The Ryuk cryptocurrency-stealing ransomware is still making its rounds. The malware, which is said to be used by the North Korea-linked hacking organization known as the Lazarus Group, has struck a U.S. Coast Guard facility, putting it dead in the water for a total of 30 hours before the damage could be reversed. As far as ransomware is concerned, Ryuk is picking up steam as the go-to solution for crypto thieves and hackers.
According to the Coast Guard, Ryuk made its way to a computer at a facility through an email phishing campaign. Once clicked by an employee, it was able to easily propagate its way across the network, disabling the facility’s operational capabilities.
An announcement released by the Coast Guard when the attack happened read, “Forensic analysis is currently ongoing but the virus, identified as “Ryuk” ransomware, may have entered the network of the MTSA [Maritime Transportation Security Act] facility via an email phishing campaign. Once the embedded malicious link in the email was clicked by an employee, the ransomware allowed for a threat actor to access significant enterprise Information Technology (IT) network files, and encrypt them, preventing the facility’s access to critical files.”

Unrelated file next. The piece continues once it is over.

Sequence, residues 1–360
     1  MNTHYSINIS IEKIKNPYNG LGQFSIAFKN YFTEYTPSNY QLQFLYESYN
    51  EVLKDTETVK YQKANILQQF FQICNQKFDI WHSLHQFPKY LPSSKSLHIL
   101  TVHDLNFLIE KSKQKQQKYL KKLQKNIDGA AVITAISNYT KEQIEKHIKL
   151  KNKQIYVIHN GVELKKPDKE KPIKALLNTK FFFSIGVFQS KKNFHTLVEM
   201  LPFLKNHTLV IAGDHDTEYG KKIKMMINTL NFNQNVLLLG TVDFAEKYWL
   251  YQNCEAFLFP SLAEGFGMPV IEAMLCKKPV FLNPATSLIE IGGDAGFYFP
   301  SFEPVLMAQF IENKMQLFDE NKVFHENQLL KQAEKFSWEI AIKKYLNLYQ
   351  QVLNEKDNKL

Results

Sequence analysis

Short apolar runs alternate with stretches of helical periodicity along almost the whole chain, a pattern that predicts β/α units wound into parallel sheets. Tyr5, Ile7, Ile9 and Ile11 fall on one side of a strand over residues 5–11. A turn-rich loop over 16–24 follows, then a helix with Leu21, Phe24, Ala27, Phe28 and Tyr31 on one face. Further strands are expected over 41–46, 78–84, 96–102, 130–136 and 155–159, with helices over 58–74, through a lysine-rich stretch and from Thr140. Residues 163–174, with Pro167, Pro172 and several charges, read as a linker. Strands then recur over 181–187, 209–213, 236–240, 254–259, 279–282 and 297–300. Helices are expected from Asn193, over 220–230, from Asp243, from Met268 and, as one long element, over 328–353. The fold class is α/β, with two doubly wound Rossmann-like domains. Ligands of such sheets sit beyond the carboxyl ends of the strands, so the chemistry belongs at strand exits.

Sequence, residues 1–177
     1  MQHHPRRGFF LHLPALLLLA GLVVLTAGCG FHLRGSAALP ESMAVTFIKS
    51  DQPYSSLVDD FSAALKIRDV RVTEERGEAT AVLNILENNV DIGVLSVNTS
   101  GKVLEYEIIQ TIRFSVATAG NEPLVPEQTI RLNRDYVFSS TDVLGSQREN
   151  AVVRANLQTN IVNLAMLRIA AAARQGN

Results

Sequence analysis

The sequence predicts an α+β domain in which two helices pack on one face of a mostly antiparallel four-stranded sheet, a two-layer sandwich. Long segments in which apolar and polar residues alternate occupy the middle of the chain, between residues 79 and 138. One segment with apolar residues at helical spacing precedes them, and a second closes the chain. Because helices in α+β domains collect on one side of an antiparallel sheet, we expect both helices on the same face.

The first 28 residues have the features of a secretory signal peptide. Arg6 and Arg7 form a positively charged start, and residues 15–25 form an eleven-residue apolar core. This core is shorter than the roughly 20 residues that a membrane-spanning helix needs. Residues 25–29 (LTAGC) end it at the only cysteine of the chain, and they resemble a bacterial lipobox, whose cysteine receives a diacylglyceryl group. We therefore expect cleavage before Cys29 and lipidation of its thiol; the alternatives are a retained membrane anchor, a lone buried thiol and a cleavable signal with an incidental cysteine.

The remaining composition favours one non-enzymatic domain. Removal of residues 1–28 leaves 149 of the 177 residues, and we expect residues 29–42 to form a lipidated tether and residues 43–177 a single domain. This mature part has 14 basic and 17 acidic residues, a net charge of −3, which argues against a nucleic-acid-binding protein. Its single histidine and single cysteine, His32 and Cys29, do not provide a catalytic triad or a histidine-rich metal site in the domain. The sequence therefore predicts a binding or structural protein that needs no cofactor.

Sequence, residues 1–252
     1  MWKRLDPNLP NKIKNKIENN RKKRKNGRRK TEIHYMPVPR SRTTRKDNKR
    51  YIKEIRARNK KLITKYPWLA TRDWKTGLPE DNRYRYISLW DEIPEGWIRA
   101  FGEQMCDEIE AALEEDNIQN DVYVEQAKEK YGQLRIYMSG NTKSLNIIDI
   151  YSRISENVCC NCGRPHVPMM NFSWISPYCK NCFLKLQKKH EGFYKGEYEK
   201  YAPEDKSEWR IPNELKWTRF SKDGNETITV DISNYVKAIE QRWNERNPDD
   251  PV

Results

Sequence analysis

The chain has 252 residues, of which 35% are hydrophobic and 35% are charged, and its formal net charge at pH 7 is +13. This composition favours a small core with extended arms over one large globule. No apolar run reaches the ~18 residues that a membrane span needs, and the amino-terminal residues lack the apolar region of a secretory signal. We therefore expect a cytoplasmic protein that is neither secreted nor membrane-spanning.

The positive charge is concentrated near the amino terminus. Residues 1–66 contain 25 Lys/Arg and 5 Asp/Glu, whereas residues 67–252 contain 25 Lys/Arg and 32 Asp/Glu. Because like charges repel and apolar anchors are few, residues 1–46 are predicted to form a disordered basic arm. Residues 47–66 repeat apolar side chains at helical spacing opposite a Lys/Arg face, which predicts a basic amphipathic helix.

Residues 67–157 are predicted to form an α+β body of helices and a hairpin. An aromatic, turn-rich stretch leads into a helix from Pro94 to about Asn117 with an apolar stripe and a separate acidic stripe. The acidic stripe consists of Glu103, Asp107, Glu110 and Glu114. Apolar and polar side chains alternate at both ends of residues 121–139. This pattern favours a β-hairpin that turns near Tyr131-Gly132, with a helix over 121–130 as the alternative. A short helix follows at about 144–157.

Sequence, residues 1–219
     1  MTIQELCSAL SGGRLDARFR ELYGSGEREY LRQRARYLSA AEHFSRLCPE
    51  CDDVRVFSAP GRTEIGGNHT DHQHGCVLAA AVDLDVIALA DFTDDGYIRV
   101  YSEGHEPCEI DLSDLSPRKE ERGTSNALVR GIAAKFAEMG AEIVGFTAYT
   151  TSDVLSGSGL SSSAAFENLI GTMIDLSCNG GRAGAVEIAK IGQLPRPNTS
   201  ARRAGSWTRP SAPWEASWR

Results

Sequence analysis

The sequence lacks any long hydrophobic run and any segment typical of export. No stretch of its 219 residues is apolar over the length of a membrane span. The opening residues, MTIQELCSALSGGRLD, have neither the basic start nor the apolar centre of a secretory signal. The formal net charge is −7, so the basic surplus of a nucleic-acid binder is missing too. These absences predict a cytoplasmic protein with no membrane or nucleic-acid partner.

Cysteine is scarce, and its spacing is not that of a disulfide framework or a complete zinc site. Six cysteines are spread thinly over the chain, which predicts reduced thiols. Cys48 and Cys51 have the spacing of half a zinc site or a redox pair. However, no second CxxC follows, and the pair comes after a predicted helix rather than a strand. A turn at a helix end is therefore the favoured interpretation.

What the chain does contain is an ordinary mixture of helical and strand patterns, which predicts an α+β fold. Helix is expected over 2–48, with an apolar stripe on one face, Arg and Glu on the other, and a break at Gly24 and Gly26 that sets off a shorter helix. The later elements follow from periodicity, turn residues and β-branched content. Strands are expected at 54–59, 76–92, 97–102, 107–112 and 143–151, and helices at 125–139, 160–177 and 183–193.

It isn’t clear exactly when the attack happened or if a ransom was paid. This is the second time the Coast Guard has had to fight off a similar assault in less than a year, following a similar incident that took place last July.
Just a little less than a year before that, in September 2018, the Port of San Diego had been hit in another ransomware attack. Two months later, both the state of Louisiana and the Prosegur security company reported separate Ryuk ransomware attacks. As with the other cases, there was no information reported on whether or not a ransom was paid, or how much may have been sought.
Ryuk is the go-to ransomware for big payday attacks. It was first identified in 2018 and has been behind some of the most notable attacks since then. The amount the hackers ask for varies, but it is typically in the multimillion-dollar range. Virtual Care Provider, a company that provides tech services to nursing homes and acute care sites, was hit last November and its servers were completely disabled. 110 nursing homes had no access to patient records, the Internet, accounting and pay data and couldn’t order medications. The company was ordered to pay $14 million, but didn’t say whether or not it paid anything.